The main reason the Nicaraguan people have had to watch their living standards fall year by year is, of course, the defense they have had to pay for against a US-backed counterrevolutionary army. The conference papers set out the grim toll, and the grim results. The war has claimed another 25,500 Nicaraguan lives, 25,000 wounded, 3,500 permanently disabled, and left another 13,200 children without parents. It has displaced farmers from some of the nation's best land, taken most of its victims from the country's most productive age group or at best just borrowed them from productive activity for two years of military service, it has raised costs to society as a whole in caring for shattered bodies and lives, driven professionals from the country and sent many Nicaraguans into neigh boring countries as refugees. Last year, 62% of this already poor country's budget went directly to defend itself in that war; there's not a lot left for hospitals, schools, job creation, let alone childcare centers or high wages to keep professionals from leaving.

Nicaragua didn't choose the war and has worked consistently to end it. There's been little room to maneuver with the Reagan Administration, and that's left little room to maneuver in the country's budget.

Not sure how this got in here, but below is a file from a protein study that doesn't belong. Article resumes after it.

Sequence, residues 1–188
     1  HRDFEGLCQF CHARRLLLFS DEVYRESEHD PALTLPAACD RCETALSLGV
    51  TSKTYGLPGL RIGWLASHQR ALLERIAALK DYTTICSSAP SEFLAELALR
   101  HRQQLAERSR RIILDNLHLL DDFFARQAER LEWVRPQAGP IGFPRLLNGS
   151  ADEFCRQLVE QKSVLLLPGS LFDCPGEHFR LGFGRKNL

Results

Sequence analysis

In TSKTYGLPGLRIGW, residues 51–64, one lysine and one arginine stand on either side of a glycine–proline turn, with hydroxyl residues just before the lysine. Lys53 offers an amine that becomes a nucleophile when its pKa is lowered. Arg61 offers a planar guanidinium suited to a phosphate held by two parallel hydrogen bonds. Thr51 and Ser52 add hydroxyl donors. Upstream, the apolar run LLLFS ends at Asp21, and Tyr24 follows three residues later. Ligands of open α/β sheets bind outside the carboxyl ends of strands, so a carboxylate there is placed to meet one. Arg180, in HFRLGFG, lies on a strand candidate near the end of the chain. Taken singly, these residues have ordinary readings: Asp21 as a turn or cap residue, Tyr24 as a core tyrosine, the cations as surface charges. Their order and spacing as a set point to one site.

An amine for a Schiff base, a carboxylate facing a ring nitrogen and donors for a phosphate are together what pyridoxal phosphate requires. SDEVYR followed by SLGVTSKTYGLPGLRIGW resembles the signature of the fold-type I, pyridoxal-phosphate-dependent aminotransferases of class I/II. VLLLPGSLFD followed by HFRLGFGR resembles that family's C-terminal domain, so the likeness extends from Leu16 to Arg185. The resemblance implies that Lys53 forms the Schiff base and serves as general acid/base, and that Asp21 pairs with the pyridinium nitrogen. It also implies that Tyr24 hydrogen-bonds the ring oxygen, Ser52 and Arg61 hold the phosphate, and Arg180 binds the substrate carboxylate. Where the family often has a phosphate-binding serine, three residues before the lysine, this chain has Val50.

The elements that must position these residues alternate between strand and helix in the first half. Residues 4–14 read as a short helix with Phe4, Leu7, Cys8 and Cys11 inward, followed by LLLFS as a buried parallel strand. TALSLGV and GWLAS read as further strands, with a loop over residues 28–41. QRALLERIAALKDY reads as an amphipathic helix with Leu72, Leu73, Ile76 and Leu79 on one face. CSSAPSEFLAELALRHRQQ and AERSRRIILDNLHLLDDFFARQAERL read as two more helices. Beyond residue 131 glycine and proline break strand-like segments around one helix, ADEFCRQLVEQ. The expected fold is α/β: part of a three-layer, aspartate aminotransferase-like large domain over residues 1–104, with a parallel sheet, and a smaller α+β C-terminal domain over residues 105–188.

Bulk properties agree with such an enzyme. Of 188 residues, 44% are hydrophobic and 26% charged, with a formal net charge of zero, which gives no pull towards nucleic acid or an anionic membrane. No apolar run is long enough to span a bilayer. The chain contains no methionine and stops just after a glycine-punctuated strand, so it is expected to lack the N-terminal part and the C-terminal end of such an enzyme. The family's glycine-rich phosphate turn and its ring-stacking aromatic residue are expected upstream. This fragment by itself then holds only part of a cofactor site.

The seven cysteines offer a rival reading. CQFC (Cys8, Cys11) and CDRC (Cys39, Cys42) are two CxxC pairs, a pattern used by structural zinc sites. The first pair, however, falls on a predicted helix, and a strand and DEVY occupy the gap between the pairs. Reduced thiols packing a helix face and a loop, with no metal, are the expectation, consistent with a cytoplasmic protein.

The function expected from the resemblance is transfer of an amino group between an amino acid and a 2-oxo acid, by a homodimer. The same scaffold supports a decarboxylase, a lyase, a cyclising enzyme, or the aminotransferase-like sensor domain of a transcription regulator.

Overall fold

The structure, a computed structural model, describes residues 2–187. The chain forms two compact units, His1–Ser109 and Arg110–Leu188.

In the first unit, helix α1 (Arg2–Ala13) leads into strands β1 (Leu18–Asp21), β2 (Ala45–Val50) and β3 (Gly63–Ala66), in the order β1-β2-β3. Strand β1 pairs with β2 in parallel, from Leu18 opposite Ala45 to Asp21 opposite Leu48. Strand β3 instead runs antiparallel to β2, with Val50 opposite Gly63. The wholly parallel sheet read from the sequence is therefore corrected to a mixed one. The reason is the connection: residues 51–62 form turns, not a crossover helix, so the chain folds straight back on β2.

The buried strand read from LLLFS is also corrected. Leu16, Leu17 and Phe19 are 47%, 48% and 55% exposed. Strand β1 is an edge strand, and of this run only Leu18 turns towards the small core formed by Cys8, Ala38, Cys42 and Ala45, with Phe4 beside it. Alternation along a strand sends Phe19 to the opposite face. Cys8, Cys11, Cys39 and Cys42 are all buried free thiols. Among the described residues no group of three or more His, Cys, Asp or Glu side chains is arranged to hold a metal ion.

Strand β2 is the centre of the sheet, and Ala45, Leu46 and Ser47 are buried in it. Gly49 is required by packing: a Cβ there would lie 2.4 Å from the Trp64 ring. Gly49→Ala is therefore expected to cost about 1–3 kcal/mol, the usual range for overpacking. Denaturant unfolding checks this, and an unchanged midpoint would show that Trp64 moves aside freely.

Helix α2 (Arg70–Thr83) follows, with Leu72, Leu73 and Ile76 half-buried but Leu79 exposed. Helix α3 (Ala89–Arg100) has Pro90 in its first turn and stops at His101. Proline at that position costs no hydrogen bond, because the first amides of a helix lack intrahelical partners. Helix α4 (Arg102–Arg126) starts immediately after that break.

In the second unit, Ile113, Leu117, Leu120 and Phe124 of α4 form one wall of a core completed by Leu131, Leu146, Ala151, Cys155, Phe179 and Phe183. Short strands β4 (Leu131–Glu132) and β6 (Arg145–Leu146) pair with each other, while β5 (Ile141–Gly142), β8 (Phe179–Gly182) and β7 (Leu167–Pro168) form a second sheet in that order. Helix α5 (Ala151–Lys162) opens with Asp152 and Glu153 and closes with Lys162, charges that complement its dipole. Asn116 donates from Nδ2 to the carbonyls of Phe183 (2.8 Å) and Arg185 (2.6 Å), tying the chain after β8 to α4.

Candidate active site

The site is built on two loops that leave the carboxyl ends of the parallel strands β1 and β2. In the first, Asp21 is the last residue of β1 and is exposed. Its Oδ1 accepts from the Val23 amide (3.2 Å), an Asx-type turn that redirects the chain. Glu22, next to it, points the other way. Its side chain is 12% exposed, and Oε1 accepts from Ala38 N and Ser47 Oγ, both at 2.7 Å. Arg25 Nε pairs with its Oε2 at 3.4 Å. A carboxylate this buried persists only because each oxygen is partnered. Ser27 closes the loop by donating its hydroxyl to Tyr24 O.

Growing, growing, gone: Nicaragua's disturbing population curve

The report's authors cite a third reason for Nicaragua's declining living standards: its rapid population growth. Nicaragua's population is growing faster than any other in Latin America. Its 3.35% growth per year is half again the Latin American average. Nicaraguan women average 5.5 children each, again far outstripping their sisters all over Latin America, where the average is only 3.8. The situation is compounded by the youth of Nicaragua's people. Half are under 15, which puts few beyond childbearing age and an enormous bulge in the population growth curve. And mothers in Nicaragua are getting younger all the time; 16% of the babies are born to teenage girls, compared with 12% in 1963. At this rate, by the year 2000 Nicaragua will have grown from 3.6 million to some 5.2 million, of whom only 54% will be in the "economically active" age range of 15-64; the rest will need supporting. They're very unlikely to get what they need, even with the best efforts of their hard working-fellow citizens.